The Cradle of European Poetry, Part 1
Manners: 3 a. The socially correct way of acting; etiquette. b. The prevailing customs, social conduct, and norms of a specific society…
Moral: 1. Of or concerned with the judgment of the goodness or badness of human action and character: 2. Teaching or exhibiting goodness or correctness of character and behavior…
So, this post is going to be a little complicated: RT is warning folks that there’s a lot of territory to cover. On the plus side, we’re going to be looking at how poetry arrived in western Europe and how poetry is connected to other, important aspects of behavior, such as 1) deciding on the right course of action and 2) minding our manners.
A. Europe in its Cradle
Dark ages are never fun. One civilization collapses and over a period of centuries another rises up from the ruins. Along with the usual payback, rapine, and despair, the conquerors mimic or forget the finer accomplishments of the former time. Something new is struggling to be born, and like any act of creation, it is attended by the most basic considerations: survival and the preservation of what has already been achieved. Nobody has time for poetry.
In the case of Europe, after the final collapse of the Roman Empire in 476, the single most important change was the incorporation of northern Europe into the cultural world established by Rome; the center of Europe was no longer Rome, but the Rhine River. But northern Europe immediately began exerting its cultural differences from the south, perhaps most importantly, in the struggle between the Arian aristocracy of the new Germanic kingdoms and the Catholic Church centered in Rome. By the 8th century, this conflict had been resolved in favor of Rome. And with the defeat of Muslim armies at the Battle of Tours in 732, Europe as a cultural entity was confirmed. Still, on the northern frontier, the Vikings began their long series of raids and invasions, engaging part of the new culture’s military strength until the 12th century.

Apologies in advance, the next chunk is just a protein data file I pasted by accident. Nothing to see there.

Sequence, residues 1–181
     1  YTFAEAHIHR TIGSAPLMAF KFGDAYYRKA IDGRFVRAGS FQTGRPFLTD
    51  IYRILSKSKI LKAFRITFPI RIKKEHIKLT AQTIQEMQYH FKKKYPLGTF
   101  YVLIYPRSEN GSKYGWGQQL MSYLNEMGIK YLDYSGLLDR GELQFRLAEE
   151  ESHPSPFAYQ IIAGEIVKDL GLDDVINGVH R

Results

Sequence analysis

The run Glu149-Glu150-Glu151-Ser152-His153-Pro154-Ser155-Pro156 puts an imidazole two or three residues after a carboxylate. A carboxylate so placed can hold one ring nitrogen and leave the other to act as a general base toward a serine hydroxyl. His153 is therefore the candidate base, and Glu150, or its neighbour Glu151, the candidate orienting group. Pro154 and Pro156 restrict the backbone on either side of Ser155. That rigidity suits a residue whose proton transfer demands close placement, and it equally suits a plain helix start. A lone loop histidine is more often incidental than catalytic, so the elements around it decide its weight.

Great poetry, RT notes, did in fact continue to be written in vernacular languages: Beowulf, the Ulster Cycle and the Mabinogion, and the mythology of the Vikings. But these works were all the product of the dying pagan societies of pre-Christian Europe. So far, no great works written in Latin or its descendant languages had yet been created. No one had found a voice for Europe’s new feudal society, which began to emerge in the 9th century. In fact, the modern languages of Europe were still evolving out of Latin.
B. Reversal of Fortunes
Until the 11th century, Europe was tightly constrained by its powerful neighbors: the Vikings in the north, the Abbasid Caliphate in the south, and the Byzantine Empire in the east; indeed, few would argue that Constantinople and its magnificent cathedral, Hagia Sophia, constituted the center of Christian culture in those years.
But power rarely lingers in one place for long: the conversion of the Sweden to Christianity by the 12th century, the collapse of the unified Caliphate of Cordoba in 1031, and the destruction of the Byzantine army by the Seljuk Turks at Manzikert (1071), started a process of cultural migration and absorption that prepared the ground in Europe for the Renaissance. And perhaps no clearer sign of the quickening of Europe could have been given than the Crusades.
C. The Crusades
Persecution strengthens community. As long as a clear threat exists, any community will huddle together and work to make the danger pass. When the problem goes away, people start to argue with each other. Then they need diplomatic skills to heal the wounds.
But the clock is ticking away, and RT has a busy day tomorrow. The story of how Europe fell into disunion even as it acquired its poetic sensibilities will have to wait till later…
Photo, top: Queen, Spanish Chess Piece; 12th century, Walter Art Museum. WikiCmns; Public Domain. Brooch: Anglo-Saxon openwork silver disk brooch, from the Pentney Hoard. Author: Johnbod. WikiCmns; CC 3.0 Unported. Illustration: The Seljuk Turk Alp Arslan Humbling Romanus IV. 2nd quarter of the 15th century; Bibliothèque nationale de France, manuscrit Français 232, folio 323. Author: Boccace, De Casibus. WikiCmns; Public Domain.